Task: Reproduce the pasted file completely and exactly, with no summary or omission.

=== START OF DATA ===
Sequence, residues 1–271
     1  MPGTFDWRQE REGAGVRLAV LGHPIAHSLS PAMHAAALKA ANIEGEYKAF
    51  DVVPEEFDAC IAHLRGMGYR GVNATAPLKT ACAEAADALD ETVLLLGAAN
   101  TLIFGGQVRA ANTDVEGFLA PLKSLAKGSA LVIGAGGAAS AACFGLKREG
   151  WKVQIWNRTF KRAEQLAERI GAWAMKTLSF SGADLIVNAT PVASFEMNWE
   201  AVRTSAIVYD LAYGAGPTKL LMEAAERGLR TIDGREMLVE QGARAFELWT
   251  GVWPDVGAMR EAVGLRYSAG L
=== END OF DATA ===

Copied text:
Sequence, residues 1–271
     1  MPGTFDWRQE REGAGVRLAV LGHPIAHSLS PAMHAAALKA ANIEGEYKAF
    51  DVVPEEFDAC IAHLRGMGYR GVNATAPLKT ACAEAADALD ETVLLLGAAN
   101  TLIFGGQVRA ANTDVEGFLA PLKSLAKGSA LVIGAGGAAS AACFGLKREG
   151  WKVQIWNRTF KRAEQLAERI GAWAMKTLSF SGADLIVNAT PVASFEMNWE
   201  AVRTSAIVYD LAYGAGPTKL LMEAAERGLR TIDGREMLVE QGARAFELWT
   251  GVWPDVGAMR EAVGLRYSAG L